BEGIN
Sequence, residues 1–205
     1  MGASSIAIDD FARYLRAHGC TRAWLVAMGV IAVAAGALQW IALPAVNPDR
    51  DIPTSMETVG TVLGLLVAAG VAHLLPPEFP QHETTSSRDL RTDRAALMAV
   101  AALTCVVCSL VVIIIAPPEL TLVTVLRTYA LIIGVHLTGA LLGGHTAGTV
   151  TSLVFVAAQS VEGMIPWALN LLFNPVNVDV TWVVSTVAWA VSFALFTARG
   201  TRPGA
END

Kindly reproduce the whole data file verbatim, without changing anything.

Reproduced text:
Sequence, residues 1–205
     1  MGASSIAIDD FARYLRAHGC TRAWLVAMGV IAVAAGALQW IALPAVNPDR
    51  DIPTSMETVG TVLGLLVAAG VAHLLPPEFP QHETTSSRDL RTDRAALMAV
   101  AALTCVVCSL VVIIIAPPEL TLVTVLRTYA LIIGVHLTGA LLGGHTAGTV
   151  TSLVFVAAQS VEGMIPWALN LLFNPVNVDV TWVVSTVAWA VSFALFTARG
   201  TRPGA